by John Unrein
Former University of North Carolina Head Basketball Coach Dean Smith is credited with saying, “There are two important things to do when teaching basketball, praise behavior that you want repeated and knowing what to do with a mistake. You should recognize a mistake, admit it, learn from it, and forget it.”
High school summer basketball camps like the one held at Grain Valley High School the week of July 20th allow coaches to offer affirmation of positive actions on the court as well as constructive questions and criticism that provide growth. Sneakers were squeaking on the hardwood and nets were swishing as the Eagles boys’ basketball team worked on offensive and defensive basketball fundamentals.
Floor spacing and passing angle sessions for competitive points was part of the menu of drills directed by Eagles Head Boys Basketball Coach Andy Herbert. The benefits of floor spacing in basketball have become paramount from the professional level of the National Basketball Association all the way down to the high school ranks.
By an offense using good spacing in basketball, the defense must cover more territory and has a harder time giving help when recovering to get back to their man or space on the floor they are to defend. Teams who efficiently use floor spacing and motion like the Eagles in their offense are a headache for opposing teams. Defenses must be well conditioned to face the five stressful elements that good floor spacing creates.
Basketball Coaches Clipboard online breaks down the strain that terrific floor spacing in motion offenses creates for opposing defenses.
First, spacing makes it harder to defend against dribble penetration as the help defenders have further distance to cover when coming off their man. Consequently, spacing makes it harder to defend perimeter shooters, as the help side defender in the paint has more distance to cover in getting back to the shooter.
Next, spacing makes it harder to defend post players. Teams that double team the low post will have a more difficult time when players are spaced apart. Good spacing also allows for hi-low passing from one post player to another when players are spread out across the arc.
Effective floor spacing also makes it harder to defend cutters maneuvering towards the basket. Lastly, excellent floor spacing makes it harder for a defense to deny passing lanes.
Herbert takes a cerebral approach with his players during practice to reinforce understanding so that playing efficiency gets better. A lesson that gives players a breather as well as connecting the mental aspect of the game with the kinesthetic.
“Why did you guys win that set? Correct, offensive rebounding. Don’t watch the ball, find a body and get position. You have to be in constant motion when we space the floor. Trust your eyes and compete for the ball if it doesn’t go in,” Herbert said.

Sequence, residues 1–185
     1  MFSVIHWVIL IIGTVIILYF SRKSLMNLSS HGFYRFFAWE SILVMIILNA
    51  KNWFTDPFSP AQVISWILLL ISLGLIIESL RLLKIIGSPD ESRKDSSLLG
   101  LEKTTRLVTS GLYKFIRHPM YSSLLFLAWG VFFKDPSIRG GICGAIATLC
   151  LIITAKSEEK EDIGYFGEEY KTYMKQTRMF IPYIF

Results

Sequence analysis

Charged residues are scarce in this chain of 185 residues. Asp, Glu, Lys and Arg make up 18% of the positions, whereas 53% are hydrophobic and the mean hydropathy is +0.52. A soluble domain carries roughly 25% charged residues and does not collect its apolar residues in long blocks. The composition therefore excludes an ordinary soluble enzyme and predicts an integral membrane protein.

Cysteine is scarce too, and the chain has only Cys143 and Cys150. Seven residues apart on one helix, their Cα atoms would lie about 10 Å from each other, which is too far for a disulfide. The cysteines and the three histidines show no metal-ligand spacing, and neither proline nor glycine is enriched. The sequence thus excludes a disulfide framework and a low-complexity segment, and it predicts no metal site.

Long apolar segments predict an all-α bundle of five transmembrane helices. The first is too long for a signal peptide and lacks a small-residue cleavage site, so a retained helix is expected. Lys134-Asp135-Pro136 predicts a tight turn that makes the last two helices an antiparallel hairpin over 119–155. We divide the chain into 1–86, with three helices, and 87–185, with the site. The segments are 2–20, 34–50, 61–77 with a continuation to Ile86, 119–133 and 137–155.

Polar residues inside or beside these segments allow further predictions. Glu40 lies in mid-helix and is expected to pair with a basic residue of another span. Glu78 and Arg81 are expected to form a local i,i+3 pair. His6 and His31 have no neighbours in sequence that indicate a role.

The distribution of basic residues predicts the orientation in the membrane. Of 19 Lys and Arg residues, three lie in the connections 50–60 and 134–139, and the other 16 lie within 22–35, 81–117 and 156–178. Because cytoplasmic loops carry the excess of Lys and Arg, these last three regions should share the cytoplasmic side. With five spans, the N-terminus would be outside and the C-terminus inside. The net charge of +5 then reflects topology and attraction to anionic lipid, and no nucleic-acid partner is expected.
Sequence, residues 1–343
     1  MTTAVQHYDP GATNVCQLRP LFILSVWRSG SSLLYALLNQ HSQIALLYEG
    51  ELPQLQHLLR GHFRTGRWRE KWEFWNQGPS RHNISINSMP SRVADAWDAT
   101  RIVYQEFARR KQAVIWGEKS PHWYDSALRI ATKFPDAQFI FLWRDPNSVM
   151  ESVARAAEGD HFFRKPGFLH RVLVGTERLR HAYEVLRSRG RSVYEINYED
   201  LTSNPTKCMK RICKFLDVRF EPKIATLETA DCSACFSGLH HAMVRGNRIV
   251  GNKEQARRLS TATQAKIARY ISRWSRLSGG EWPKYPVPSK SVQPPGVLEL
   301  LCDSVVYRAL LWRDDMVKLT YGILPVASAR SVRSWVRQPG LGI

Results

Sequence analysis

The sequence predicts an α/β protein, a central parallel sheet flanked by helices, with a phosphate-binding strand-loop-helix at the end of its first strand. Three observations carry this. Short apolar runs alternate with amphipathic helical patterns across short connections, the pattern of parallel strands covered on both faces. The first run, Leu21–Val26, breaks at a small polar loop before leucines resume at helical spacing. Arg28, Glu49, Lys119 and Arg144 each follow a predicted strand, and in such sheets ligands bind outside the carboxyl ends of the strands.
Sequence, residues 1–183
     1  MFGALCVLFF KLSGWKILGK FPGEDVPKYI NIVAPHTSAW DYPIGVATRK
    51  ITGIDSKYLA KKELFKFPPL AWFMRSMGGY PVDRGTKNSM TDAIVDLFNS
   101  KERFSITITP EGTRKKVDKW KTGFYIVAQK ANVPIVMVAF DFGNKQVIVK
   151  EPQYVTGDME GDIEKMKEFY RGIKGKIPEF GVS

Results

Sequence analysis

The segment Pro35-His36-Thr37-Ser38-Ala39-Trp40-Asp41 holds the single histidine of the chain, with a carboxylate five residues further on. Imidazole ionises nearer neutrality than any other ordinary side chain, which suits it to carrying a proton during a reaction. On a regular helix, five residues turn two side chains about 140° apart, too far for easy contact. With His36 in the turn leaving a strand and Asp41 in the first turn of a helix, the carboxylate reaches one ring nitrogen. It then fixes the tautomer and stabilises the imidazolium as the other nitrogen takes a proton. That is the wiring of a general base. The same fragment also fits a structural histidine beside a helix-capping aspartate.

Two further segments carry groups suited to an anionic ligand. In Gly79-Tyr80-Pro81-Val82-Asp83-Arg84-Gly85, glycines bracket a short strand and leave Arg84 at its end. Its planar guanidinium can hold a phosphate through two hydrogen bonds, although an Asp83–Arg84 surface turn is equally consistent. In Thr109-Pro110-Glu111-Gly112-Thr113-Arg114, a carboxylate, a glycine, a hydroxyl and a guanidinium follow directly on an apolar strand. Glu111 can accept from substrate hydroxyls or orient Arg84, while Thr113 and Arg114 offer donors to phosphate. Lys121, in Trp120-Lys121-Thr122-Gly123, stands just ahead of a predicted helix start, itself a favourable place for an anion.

“If you are the first guy coming off the back screen or flare, you have to move. The ball being dribbled should not interfere with or be in the way of other movement. Also, with spacing we cannot get caught in no man’s land. Get to your landmarks so that we have options and the defense is stretched.”
Two returning varsity players paying close attention to Herbert’s instructions at camp are seniors Keeton Maxon and John Haywood. Maxon is getting reps in the low post at camp, while Haywood is running the point for the Eagles, a role that got Haywood more playing time in late last season with the Eagles.
“I have enjoyed getting up early and knowing I’m going to get to play basketball with all my friends,” Haywood said.
“I miss my older teammates as well. It’s weird being in here without them. No more Caden (Matlon), Josh (Kilpatrick), or AJ (Salisbury). I’m one of the old guys now.”
“Ball fakes, familiarizing myself with offensive sets, and learning how to become more comfortable in the paint have been what I’ve tried to work on the most this week at camp.”
Haywood concluded, “Defensively, we need to work on closing out better when an opponent drives on us. No easy shots should be allowed against us.”
Maxon offered his assessment as well on the week of work put in at camp.
“Competing and getting to see everyone again has been special. I have missed the chance to compete and get better,” Maxon said.
“Knowing the offense and executing it better has led to more open shots for me. Using my post presence to make better passes has also been an emphasis.”
Maxon continued, “Talking more on defense has allowed us to defeat screens better. Knowing our defensive assignment whether we are on the ball or the help side is assisting us in limiting more shots. That will be important to carry into the season.”